St Margaret Clitherow
Margaret Clitherow was born Margaret Middleton in 1556 in York. She was the daughter of a wax chandler, Thomas Middleton, and was brought up as a protestant. In 1571 Margaret, only 15 years of age, married widower John Clitherow who was a prosperous butcher with two sons. They married in St Martin-Le-Grand Church in Coney Street, York. In 1574 she became a catholic. John Clitherow had a brother, William who was a catholic and later became a priest. It is thought that William may have influenced her to convert.
John Clitherow's butchers shop was in the Shambles, a narrow street of butchers and abattoirs. John was also a Bridge Master (member of a committee who were responsible for the maintenance of Ouse Bridge). He was also a special constable too and assisted in finding catholic priests and those hiding them.
Margaret had a happy marriage with children. She assisted her husband in the shop and helped hang up the meat. Within a couple of years of her conversion she was playing an active part in helping and sheltering priests in the city. Many of the priests came from Douai in France. Catholics were under persecution in England and Mass was celebrated in secret. Priests moved from place to place to avoid being caught. Punishment was extreme and an act of parliament in 1585 demanded a traitor's death for priests caught. The death penalty was also introduced for those hiding them. Margaret was aware of the danger she was in and the risks involved, but continued to hide priests. She was arrested many times under suspicion but no evidence was found.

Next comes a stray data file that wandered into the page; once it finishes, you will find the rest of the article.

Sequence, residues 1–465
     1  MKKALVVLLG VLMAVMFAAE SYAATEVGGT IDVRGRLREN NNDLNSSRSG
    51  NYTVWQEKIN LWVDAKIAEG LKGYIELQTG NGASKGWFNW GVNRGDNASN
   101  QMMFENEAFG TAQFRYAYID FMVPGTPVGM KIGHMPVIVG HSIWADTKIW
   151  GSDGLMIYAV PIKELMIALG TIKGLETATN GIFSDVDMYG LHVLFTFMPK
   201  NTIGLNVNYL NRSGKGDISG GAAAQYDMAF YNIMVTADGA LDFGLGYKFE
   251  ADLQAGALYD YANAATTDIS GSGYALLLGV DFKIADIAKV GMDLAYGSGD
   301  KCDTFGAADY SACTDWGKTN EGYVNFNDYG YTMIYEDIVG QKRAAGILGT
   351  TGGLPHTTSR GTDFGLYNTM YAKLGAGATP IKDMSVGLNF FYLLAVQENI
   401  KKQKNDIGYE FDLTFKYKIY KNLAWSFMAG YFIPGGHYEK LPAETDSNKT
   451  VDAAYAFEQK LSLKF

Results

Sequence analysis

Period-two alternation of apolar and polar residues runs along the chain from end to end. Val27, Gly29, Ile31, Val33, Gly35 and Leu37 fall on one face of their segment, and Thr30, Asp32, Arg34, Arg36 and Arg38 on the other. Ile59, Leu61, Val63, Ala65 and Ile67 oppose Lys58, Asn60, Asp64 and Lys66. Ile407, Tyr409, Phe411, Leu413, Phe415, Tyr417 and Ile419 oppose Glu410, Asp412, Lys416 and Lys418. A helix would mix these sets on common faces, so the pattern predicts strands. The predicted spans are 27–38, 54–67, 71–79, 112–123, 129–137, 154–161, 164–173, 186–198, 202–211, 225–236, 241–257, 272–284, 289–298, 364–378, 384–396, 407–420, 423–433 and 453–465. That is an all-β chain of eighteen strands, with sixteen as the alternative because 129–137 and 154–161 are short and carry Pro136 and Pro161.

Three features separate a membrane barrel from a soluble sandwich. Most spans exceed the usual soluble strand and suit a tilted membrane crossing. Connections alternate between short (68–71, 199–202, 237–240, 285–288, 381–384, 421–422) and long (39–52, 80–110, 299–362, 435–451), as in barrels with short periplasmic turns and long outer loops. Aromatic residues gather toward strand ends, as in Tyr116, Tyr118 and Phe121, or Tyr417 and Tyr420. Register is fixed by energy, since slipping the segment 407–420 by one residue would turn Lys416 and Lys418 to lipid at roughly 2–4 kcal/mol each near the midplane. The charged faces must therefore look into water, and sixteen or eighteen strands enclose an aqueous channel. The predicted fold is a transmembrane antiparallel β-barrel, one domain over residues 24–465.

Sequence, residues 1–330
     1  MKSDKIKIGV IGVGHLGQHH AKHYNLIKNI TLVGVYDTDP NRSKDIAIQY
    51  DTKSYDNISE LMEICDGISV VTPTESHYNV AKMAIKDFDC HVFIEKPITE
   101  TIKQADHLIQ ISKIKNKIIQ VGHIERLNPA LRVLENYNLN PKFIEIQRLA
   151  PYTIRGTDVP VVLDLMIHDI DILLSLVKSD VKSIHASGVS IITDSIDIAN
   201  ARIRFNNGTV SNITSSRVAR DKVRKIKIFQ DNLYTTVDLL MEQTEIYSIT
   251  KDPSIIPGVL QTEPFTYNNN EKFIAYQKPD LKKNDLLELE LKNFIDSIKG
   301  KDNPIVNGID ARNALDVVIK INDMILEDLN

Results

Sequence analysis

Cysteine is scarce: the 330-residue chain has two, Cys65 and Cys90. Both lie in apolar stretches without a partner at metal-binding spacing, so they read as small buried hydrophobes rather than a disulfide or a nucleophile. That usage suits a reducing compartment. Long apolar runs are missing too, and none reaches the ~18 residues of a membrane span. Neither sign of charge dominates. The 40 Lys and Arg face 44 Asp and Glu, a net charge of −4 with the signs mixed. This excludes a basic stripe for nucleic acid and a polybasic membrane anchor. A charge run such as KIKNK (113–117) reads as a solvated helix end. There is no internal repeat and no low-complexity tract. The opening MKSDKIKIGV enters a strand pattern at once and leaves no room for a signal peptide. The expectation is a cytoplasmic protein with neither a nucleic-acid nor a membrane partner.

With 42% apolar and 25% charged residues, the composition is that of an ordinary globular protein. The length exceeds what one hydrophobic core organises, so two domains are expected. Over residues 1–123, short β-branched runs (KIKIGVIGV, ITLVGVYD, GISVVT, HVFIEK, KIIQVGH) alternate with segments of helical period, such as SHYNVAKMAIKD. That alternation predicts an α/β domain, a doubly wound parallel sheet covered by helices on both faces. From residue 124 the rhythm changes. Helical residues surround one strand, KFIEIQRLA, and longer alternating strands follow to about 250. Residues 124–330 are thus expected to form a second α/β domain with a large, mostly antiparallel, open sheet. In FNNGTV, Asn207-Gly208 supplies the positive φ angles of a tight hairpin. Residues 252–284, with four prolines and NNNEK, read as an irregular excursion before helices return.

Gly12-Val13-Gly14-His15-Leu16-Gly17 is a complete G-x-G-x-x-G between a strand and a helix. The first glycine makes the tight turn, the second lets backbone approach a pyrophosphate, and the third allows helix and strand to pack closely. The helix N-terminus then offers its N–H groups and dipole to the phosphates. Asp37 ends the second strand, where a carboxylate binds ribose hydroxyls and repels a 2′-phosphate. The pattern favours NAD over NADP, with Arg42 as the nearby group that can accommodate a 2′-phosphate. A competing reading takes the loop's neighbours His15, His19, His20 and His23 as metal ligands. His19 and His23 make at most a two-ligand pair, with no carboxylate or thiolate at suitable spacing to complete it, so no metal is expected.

In 1586 her home was raided. The priest managed to get away and Margaret and her family refused to answer any questions. A small boy who was from Flanders and staying with Margaret was so frightened that he began to cry and told the interrogators everything. Priest's vestments and communion bread were discovered in Margaret's house. Margaret was arrested and her children never saw her again.
She was imprisoned in York Castle and she shared a cell with a friend, Anne Tesh also convicted.
On March 14th Margaret was put before the Judges at the Guildhall. She was charged with harbouring Jesuit and seminary priests and with celebrating Mass. Margaret was asked if she was guilty of indictment or not? She replied "I know of no offence whereof I should confess myself guilty". The trial continued until Margaret faced the Judges for the last time. Although she was defended by a Puritan teacher named Wigginton her fate had been decided. Wigginton said "You sit here to do justice; this woman's case is touching life and death. You ought not either by God's law or man's judge her to die upon the slender witness of a boy" The Judge John Clinch replied "I may do it by law", before passing the death sentence. Margaret's friends and relatives in a desperate effort to save her announced she was pregnant. But this failed.
Margaret met her terrible death on March 25th 1586 in the tollbooth on Ouse Bridge. A sharp stone was placed in her back and a door laid on top of her on which heavy stones were piled. This was such a cruel barbaric time. It took a quarter of an hour for her to die. Her last words were "Jesu! Jesu! Jesu! Have mercy on me".
She was canonised on 25th October 1970 by Pope Paul VI in Rome.
Her feast day is celebrated on 30th August.
- St. Joseph’s Church
- Parish Office,
- Stanley Walk, Bracknell
- RG12 1HA